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School discipline, school uniforms and academic performance

School discipline, school uniforms and academic performance PurposeThe purpose of this study was to examine the role of school discipline in achieving academic performance. The study aims to clarify the role of permissive vis-à-vis authoritative teaching styles with an overarching hypothesis that better discipline leads to better academic performance. We also probe whether uniformed students have better discipline. Design/methodology/approachWe analyse OECD’s Programme for International Student Assessment (PISA) data on school discipline dimensions: students listening well, noise levels, teacher waiting time, students working well, class start time. ANOVA with post hoc analysis on five geographic groups established by Baumann & Winzar (2014) was applied to test for geographic differences (Europe, Americas, Far East Asia, Rest of Asia, Anglo-Saxon cluster) in school discipline. ANOVA was further used to test for school discipline and academic performance. Thirdly, t-tests on five discipline dimensions were run to test for differences between students who wear uniforms and those who do not.FindingsThe results demonstrate differences in school discipline across five geographic clusters, with East Asia leading the way. We demonstrate significant differences in discipline for low, medium, and high performing students. Peak-performing students have the highest level of discipline. Students wearing a uniform listen better with lower teacher waiting times.Originality/valueStudents peak perform when teachers create a disciplined atmosphere where students listen to teachers, where noise levels in the classroom are low and they do not have to wait to start class and teach. Good discipline allows students to work well and this ultimately leads to better academic performance. Uniforms contribute to better discipline in every day school operations. Our findings support that in general, implementing school uniforms at schools might enhance discipline and allow for better learning. We recommend keeping uniforms where they are already used and to consider introducing uniforms where they are not yet common. http://www.deepdyve.com/assets/images/DeepDyve-Logo-lg.png International Journal of Educational Management Emerald Publishing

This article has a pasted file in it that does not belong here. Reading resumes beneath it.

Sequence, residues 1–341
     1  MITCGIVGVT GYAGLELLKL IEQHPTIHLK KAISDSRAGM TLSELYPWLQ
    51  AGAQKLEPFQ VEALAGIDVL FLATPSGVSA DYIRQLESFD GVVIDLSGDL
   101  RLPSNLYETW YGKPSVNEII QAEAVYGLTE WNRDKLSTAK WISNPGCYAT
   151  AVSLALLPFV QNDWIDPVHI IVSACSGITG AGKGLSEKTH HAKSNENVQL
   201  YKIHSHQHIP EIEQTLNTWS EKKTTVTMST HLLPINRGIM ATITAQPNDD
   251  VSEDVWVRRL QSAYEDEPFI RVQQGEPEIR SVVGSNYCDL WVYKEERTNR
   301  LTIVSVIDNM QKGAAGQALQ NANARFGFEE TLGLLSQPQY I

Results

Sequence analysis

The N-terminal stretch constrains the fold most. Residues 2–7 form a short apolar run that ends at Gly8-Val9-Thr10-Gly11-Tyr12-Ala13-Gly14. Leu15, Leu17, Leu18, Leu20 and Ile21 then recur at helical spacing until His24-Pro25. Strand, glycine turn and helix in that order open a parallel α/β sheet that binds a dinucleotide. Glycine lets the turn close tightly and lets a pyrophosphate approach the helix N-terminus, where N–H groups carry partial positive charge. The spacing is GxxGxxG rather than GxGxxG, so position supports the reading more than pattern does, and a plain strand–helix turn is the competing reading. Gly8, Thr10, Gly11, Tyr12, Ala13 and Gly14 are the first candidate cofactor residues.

School discipline, school uniforms and academic performance

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Publisher
Emerald Publishing
Copyright
Copyright © Emerald Group Publishing Limited
ISSN
0951-354X
DOI
10.1108/IJEM-09-2015-0118
Publisher site
See Article on Publisher Site

Abstract

PurposeThe purpose of this study was to examine the role of school discipline in achieving academic performance. The study aims to clarify the role of permissive vis-à-vis authoritative teaching styles with an overarching hypothesis that better discipline leads to better academic performance. We also probe whether uniformed students have better discipline. Design/methodology/approachWe analyse OECD’s Programme for International Student Assessment (PISA) data on school discipline dimensions: students listening well, noise levels, teacher waiting time, students working well, class start time. ANOVA with post hoc analysis on five geographic groups established by Baumann & Winzar (2014) was applied to test for geographic differences (Europe, Americas, Far East Asia, Rest of Asia, Anglo-Saxon cluster) in school discipline. ANOVA was further used to test for school discipline and academic performance. Thirdly, t-tests on five discipline dimensions were run to test for differences between students who wear uniforms and those who do not.FindingsThe results demonstrate differences in school discipline across five geographic clusters, with East Asia leading the way. We demonstrate significant differences in discipline for low, medium, and high performing students. Peak-performing students have the highest level of discipline. Students wearing a uniform listen better with lower teacher waiting times.Originality/valueStudents peak perform when teachers create a disciplined atmosphere where students listen to teachers, where noise levels in the classroom are low and they do not have to wait to start class and teach. Good discipline allows students to work well and this ultimately leads to better academic performance. Uniforms contribute to better discipline in every day school operations. Our findings support that in general, implementing school uniforms at schools might enhance discipline and allow for better learning. We recommend keeping uniforms where they are already used and to consider introducing uniforms where they are not yet common.

Journal

International Journal of Educational ManagementEmerald Publishing

Published: Aug 8, 2016

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